So without wasting further time, I went to the AI ticket booking counter, where an Uncleji employee saw the college sweatshirt I was wearing, and very courteously explained why i wouldnt be refunded any money. He very deftly brought my college into the discussion, and told me how I should try to read the fine prints of such flights from next time onwards. Nothing that I didn't knew already, but still, lesson learnt - when you are wearing a brand, as much as the brand represents you, you also represent the brand. 

I next booked a spicejet flight to J the same afternoon, boarded it, reached J, reached Katra, and checked into hotel.

For going from J->Katra, I had boarded a state transport bus. Two girls, sisters, in their early 20's were sitting next to me. Though ususally I dislike the chatter of women talking continuously, for a change, I was enjoying their conversations. The one next to me had a very melodious and chirpy kind of voice, and I realised overhearing them helped me get over how my day had gone earlier.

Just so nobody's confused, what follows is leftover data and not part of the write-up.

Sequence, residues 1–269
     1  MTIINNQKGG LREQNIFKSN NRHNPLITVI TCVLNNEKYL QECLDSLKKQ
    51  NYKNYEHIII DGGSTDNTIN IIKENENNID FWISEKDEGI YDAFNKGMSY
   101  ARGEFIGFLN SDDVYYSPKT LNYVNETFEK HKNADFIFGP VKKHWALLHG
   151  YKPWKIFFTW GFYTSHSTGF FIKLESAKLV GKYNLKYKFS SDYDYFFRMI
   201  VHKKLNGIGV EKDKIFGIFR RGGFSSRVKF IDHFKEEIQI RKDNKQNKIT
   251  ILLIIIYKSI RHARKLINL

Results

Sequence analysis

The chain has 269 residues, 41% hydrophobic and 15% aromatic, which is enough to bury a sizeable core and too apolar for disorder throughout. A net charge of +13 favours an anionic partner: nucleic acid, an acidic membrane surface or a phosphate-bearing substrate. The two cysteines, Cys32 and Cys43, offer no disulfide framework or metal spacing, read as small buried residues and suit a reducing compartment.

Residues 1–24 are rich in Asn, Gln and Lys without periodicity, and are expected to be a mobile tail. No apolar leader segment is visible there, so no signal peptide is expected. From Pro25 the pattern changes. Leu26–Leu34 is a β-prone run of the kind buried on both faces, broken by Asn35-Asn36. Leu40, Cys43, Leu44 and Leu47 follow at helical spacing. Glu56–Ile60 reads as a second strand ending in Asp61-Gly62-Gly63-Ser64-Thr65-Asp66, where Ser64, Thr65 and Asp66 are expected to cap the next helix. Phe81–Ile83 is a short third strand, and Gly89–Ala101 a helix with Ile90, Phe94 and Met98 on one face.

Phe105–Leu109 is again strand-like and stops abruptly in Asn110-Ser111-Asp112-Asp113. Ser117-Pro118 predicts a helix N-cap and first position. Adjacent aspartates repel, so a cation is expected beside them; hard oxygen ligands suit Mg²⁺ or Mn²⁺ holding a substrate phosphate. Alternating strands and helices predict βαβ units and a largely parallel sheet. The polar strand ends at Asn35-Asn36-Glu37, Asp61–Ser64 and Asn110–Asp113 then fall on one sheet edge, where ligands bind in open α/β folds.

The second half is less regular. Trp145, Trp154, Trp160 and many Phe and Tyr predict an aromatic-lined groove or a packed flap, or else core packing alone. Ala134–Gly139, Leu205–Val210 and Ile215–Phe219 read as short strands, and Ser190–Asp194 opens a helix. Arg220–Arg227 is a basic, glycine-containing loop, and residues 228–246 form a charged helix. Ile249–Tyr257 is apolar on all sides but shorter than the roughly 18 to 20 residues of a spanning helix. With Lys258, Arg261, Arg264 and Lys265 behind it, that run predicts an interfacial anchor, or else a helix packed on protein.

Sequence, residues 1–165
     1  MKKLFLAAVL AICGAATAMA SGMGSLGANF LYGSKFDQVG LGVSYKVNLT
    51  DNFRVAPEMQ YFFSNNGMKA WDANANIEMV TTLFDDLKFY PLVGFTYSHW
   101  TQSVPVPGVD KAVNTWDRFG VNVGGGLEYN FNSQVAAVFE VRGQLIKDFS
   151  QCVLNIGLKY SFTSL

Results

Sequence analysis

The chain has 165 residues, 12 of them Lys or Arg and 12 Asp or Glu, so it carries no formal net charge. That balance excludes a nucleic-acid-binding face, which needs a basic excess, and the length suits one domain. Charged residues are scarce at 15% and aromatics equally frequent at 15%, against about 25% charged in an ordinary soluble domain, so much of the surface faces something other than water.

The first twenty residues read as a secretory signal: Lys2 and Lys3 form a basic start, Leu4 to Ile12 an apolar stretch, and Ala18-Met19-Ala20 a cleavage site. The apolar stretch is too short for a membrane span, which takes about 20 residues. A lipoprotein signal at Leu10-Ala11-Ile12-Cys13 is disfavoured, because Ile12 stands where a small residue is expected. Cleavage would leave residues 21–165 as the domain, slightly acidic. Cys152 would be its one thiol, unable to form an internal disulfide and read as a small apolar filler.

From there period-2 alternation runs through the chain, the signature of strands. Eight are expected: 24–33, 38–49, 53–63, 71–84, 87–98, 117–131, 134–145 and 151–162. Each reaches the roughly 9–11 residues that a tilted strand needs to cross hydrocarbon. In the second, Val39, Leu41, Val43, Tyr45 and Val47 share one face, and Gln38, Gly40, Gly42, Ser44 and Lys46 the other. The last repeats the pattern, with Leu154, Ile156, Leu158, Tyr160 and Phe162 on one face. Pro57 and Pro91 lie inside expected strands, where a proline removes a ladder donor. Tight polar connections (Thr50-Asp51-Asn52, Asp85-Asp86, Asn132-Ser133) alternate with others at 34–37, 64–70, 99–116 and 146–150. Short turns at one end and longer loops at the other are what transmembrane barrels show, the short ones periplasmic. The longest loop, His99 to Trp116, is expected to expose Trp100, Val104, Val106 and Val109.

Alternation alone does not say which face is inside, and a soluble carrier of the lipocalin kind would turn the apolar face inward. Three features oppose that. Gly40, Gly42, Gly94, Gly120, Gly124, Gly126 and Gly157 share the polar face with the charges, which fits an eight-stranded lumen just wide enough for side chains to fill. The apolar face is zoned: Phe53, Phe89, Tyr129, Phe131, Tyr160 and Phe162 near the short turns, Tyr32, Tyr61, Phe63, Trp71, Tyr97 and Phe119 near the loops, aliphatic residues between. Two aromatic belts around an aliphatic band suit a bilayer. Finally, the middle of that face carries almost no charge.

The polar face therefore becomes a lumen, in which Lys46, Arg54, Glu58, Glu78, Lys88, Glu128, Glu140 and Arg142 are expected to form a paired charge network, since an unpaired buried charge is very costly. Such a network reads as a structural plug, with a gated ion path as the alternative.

At 2120, I left for the hotel to start with the chadai, called up papa first, bought a topi for the head (it had rained a couple of hours back, and so was really chilly).

Most of the ckimb was uneventful, except for one passerby sardarji who chatted for some half an hour while climbing up alongside me and the occasional rainfalls with those droplets hanging in the air. I was walking with an aim to get down early next day, so as to be able to board a flight back to D.

Anyways, I climbed up the 11km in some 3.5-4 hrs.
I searched for a well located cloak room in the next 1.5 hours, freshened myself up, and went for a bath.
The bath was interesting, since the ghat had water coming at almost freezing temperatures, and as soon as I came back, it started to be a scene of hailstorm, with me getting stuck up at the place for almost half an hour before I could move out.

I was planning to have a night darshan, but the plan was spoilt, all hail the hail.

I ditched the plan of going for an early darshan - I had parchi for 6 o clock special darshan (which last for some two hours), and during which I intermittently slept for some 30 minutes during first 40 minutes, because of the fatigue. Thereupon, I joined the chorus. 

With all the people occasionally dancing around me as if in some trance, I had a very important realization. This wasn't the kind of life I am prepared to lead. At least not at this point in this life.

Anyways, I had the darshan. 
When you go to Vaishno devi, people ask you on returning, darshan kaise huye? I have never been able to answer this question perfectly - i dont even know how one is supposed to answer it perfectly. I just assume man ko shanti milne ko ache darshan kehte honge, and say ache huye.